When does the weight of expectation exceed a game’s accomplishment? Were it not for a certain atomic monarch taking Forever to hit the shelves, Gran Turismo 5 would be the highest profile delayed game of all time. Helmed by car enthusiast producer Kazunori Yamauchi (a man so passionate about his life’s work he actually bleeds petrol), Polyphony Digital has spent five years, 20 gigabytes of Blu-ray disc space and truly outrageous quantities of cash to bring PS3 owners what was supposed to be the perfect racing game.
Perfection is of course something to aspire to rather than achieve, but the margin by which they have fallen short may come as a surprise to devotees of the series. Now, before you all turn the keys in your Abarth 500s to hunt me down and reverse over my head, this is no exercise in sensationalist trolling. Before we get on to the negative, here’s the teaspoon of sugar. Gran Turismo 5 is obviously a breathtaking experience. The series’ reputation for delivering an unrivalled breadth of vehicles, courses and tuning options is intact, its forays into new driving genres add immeasurably to the variety of the mechanics, and GTTV is everything a car enthusiast could desire.
Yet for all of PD’s hard work, Gran Turismo 5 simply doesn’t feel finished. If you thought Yamauchi offering 1031 drivable cars sounded like the over-reaching ambition of a madman, you were right. In a book-balancing compromise, only 200 or so cars are premium with the remaining 800 or so listed as standard range. Premium cars are near-flawlessly rendered, meticulously detailed from bumper to spoiler, including gloriously realised cockpits with not a stitch out of place.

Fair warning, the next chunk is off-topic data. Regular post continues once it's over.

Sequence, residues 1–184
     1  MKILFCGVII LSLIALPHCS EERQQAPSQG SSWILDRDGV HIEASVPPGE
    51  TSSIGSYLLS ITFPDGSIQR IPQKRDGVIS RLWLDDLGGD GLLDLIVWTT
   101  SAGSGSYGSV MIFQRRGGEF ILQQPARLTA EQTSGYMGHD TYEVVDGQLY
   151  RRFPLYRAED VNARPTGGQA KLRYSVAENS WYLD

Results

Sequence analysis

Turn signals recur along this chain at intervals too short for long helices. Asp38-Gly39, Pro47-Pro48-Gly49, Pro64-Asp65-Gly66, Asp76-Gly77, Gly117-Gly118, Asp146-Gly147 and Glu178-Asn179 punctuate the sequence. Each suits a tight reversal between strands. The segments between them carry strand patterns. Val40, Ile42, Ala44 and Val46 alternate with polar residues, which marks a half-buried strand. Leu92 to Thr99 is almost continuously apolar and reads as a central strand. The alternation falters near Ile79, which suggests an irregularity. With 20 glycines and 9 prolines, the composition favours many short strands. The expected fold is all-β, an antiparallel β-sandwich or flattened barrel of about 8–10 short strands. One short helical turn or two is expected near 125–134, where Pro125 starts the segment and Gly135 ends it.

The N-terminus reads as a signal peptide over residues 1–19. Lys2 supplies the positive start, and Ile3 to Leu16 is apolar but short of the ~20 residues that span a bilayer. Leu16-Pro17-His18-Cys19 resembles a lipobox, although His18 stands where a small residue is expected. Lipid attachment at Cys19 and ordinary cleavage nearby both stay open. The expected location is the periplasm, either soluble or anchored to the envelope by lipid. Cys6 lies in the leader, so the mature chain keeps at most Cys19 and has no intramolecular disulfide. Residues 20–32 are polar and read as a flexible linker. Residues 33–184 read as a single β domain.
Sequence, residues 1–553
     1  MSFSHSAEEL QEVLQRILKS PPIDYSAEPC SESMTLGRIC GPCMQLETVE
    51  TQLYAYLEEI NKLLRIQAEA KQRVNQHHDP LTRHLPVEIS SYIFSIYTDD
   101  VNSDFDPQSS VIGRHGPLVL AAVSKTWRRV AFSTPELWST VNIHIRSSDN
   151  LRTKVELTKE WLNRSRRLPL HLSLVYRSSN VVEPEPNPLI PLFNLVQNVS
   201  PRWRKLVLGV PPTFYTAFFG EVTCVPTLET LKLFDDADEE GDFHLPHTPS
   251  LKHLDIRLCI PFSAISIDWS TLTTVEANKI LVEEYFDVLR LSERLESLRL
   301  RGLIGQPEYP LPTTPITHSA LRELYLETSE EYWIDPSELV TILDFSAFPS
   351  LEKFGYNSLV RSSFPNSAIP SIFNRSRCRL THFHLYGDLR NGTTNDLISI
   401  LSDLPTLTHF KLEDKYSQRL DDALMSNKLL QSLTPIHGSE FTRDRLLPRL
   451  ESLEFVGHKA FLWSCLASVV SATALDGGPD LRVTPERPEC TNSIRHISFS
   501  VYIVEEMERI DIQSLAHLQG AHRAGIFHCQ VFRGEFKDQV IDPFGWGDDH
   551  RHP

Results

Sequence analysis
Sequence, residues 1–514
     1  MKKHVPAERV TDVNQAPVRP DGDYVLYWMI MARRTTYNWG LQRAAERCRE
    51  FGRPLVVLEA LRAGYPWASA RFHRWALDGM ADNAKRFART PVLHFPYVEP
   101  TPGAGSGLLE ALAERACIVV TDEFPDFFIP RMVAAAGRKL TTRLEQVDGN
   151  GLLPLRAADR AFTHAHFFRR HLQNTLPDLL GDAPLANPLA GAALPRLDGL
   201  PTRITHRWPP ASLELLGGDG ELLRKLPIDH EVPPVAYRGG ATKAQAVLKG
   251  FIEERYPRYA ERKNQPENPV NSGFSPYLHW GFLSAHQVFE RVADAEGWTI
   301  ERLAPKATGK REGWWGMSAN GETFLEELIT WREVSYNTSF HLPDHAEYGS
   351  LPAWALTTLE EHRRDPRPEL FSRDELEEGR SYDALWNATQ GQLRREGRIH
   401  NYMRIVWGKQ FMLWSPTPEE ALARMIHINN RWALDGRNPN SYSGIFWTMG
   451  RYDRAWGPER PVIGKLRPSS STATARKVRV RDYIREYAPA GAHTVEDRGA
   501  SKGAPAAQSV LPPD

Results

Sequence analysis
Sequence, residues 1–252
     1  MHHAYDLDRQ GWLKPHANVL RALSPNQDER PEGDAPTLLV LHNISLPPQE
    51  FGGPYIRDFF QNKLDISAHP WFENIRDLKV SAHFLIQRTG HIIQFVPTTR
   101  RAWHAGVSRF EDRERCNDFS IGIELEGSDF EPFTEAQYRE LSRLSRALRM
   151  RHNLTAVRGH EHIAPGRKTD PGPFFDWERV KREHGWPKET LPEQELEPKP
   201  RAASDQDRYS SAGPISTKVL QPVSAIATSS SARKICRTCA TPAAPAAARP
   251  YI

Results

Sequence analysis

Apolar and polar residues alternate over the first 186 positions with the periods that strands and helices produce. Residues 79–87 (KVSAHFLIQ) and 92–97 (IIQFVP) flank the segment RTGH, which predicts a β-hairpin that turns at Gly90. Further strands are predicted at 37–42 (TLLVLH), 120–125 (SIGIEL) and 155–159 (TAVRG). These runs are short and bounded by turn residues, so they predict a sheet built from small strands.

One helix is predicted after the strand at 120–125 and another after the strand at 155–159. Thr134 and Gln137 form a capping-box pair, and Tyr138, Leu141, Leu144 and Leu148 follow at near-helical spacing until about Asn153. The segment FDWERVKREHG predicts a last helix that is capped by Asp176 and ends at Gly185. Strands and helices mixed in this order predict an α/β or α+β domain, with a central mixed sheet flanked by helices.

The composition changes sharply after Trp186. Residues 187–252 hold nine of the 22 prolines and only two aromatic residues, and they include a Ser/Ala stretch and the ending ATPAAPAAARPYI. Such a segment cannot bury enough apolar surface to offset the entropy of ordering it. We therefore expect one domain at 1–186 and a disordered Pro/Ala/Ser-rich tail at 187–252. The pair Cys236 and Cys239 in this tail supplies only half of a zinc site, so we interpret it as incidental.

The remaining 800 cars, however, are GT4 hand-me-downs, and noticeably lower quality despite an HD respray. Sporting a generic bonnet cam in place of unique interiors, they come equipped with low-res textures and simplistic shading. Even the developers must have felt pangs of embarrassment, as the Photo Travel mode that allows you to snap your car in picturesque locations is confined to the premium suite, lest the standard models fall under uncomfortable scrutiny.
Responding to the inroads Forza has made with a robust damage model was high on the expectation list with GT5, whipped to fever pitch by stunning screens of concertinaed bonnets and spoilers hanging precariously from boots. You could however easily be forgiven for thinking that they completely forgot to include it after extensive time in competitive races. Having run a 418 BHP Lancer Evolution VI head-on into a wall, we can confirm that the feature does exist, but once again the premium models see the greatest benefit – and it’s definitely skewed slightly to the wrong side of realism, with the amount of effort it takes to put a dent in some of the cars.
Since the first game in series Gran Turismo led the pack visually – from its translating the exhilaration and atmosphere of motor-sports into the environments to those cleverly post-processed replays that, given a squint and the wail of Clarkson, could have been lifted straight from an episode of Top Gear. GT5 maintains this impeccable standard for the most part, but when it falls short it stands out like a key scratch on a new Lamborghini. The game engine seems ill-equipped to deal with shadows, shady little gremlins ruining the photo-realism that the stunning premium models work so hard to achieve. The effect is compounded when racing in low-light conditions, or when the tyres are kicking up clouds of dust or snow, creating some hugely pixellated messes of badly behaved low-res textures.
So why spend so much time pouring over the bad in GT5 when all these criticisms are superficial and so obviously outweighed by the good? Well, this is Gran Turismo, and expectations couldn’t be higher. PD has taken such pains on some fronts that its failings on others are doubly conspicuous. The new game boasts a frightening number of cars, but consistency is lost when such favouritism is shown to a lucky 200. Polish, luxury and comprehensive detail have long been the hallmarks of GT’s success, and when they take a dent, so does the overall experience.